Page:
The victim receives a text asking whether they’ve requested a password reset for their Gmail account. And, if not, to reply with the word ‘STOP’.
It is easy to see how employees could respond without thinking. If someone isn’t aware of these kind of tactics, it would be natural to assume that a ‘STOP’ response would do the trick.
Not so –next, the victim receives another text with a 6 digit numerical code. The text says to send the code to prevent the account password from being changed.
Of course, now we know what is really happening. The scammer has requested a password change on the victim’s account. So a code is sent to the real account owner. It supposedly verifies that the owner really wanted to change the password. And by sending the attacker that code back, now the scammers can complete the password change. With that, they have access to the account and all the email.
So please tell all your family, friends and co-workers –
“There is a new scam where hackers send you a text that asks you about a password reset on your gmail account, and if you did not, text STOP. This is a scam. The bad guys asked for that password reset and now want you to send them the authorization code! Don’t fall for it.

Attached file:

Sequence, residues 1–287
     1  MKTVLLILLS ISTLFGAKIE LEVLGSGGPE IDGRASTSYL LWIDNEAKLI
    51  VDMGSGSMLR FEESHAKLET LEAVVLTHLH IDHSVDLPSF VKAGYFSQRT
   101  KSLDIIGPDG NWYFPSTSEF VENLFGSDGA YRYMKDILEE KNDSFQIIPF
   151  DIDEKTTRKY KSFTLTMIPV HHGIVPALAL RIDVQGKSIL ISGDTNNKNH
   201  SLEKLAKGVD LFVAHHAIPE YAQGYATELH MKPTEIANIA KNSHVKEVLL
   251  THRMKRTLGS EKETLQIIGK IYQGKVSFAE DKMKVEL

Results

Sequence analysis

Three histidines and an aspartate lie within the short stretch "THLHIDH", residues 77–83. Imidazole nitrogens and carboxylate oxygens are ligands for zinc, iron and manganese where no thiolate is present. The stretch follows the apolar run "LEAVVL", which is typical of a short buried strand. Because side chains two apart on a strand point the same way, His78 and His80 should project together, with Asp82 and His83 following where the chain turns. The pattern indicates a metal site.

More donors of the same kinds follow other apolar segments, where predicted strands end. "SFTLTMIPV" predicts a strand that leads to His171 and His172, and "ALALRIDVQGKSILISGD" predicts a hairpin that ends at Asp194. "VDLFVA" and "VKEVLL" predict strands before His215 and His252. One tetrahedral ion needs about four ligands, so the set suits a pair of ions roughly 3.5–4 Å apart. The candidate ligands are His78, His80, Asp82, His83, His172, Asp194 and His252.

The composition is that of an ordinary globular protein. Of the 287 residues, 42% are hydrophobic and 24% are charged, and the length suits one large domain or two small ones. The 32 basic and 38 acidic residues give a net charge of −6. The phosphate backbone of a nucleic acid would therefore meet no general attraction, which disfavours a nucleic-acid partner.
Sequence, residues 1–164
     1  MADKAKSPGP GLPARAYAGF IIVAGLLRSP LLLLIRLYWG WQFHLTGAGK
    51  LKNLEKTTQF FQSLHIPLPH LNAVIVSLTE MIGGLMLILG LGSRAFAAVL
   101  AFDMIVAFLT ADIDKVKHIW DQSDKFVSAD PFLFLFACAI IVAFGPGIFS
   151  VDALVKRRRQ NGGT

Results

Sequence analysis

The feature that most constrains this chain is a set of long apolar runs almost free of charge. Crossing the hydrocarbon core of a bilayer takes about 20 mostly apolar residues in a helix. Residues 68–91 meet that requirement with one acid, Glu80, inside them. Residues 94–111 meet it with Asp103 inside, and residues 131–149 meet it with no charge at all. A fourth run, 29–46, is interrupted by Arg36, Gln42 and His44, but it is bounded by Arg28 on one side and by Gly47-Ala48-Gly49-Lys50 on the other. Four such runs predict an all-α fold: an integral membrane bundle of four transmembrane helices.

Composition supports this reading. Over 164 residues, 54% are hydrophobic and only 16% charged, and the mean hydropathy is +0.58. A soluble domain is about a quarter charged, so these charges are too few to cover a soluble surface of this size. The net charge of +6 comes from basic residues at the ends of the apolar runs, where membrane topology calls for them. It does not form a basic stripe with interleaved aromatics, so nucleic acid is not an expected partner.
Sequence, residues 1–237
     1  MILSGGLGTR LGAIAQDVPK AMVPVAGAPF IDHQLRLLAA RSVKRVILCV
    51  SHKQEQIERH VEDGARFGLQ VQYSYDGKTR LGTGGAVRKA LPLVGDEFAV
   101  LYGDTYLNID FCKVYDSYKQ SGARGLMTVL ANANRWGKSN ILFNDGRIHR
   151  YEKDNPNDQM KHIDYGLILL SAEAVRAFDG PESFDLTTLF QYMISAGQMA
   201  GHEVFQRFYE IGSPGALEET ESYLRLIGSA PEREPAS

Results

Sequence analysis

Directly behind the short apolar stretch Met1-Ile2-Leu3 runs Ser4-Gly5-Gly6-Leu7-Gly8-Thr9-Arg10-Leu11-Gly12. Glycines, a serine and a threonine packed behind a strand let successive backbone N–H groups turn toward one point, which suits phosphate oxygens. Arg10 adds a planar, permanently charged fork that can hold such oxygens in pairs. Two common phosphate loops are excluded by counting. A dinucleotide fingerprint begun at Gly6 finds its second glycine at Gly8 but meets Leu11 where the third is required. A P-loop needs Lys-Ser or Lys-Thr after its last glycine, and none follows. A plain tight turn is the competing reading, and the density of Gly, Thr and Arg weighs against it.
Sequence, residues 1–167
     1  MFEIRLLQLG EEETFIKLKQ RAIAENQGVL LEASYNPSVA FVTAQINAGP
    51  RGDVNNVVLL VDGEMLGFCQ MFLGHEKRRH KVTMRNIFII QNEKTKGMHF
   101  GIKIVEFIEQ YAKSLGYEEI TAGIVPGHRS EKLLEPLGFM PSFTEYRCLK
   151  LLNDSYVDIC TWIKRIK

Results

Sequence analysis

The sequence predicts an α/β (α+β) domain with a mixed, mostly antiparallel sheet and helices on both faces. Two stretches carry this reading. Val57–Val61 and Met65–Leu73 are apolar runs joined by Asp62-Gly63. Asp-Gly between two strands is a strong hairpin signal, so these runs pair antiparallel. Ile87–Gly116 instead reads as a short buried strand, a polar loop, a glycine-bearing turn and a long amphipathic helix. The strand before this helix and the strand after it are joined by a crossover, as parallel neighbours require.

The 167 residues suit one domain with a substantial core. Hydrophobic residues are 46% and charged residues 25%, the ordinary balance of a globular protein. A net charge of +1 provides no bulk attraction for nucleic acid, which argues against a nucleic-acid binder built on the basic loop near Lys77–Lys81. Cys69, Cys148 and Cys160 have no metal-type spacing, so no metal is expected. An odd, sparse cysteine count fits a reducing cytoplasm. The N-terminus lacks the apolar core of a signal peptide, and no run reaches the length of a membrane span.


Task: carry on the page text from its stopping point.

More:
Remember that Gmail or any other web email service will never ask if you *don’t* want to do something with your account. You didn’t ask for a password reset, so you shouldn’t be asked about one.
Do not reply to the text (doing so will tell the scammers that they have reached a valid number). And to prevent losing your account to bad guys, it’s a very good idea to have 2-step verification set up on your Google account.”
Finally, it’s really hard to stay ahead of all the latest scams, and the Gmail scam is just one example. This Gmail scam illustrates how easy it is to use “trust” in a brand to get people to react without thinking. Being proactive can help your employees spot these potential traps. Training and awareness are part of a solid IT support plan… all part of finding IT Peace of Mind.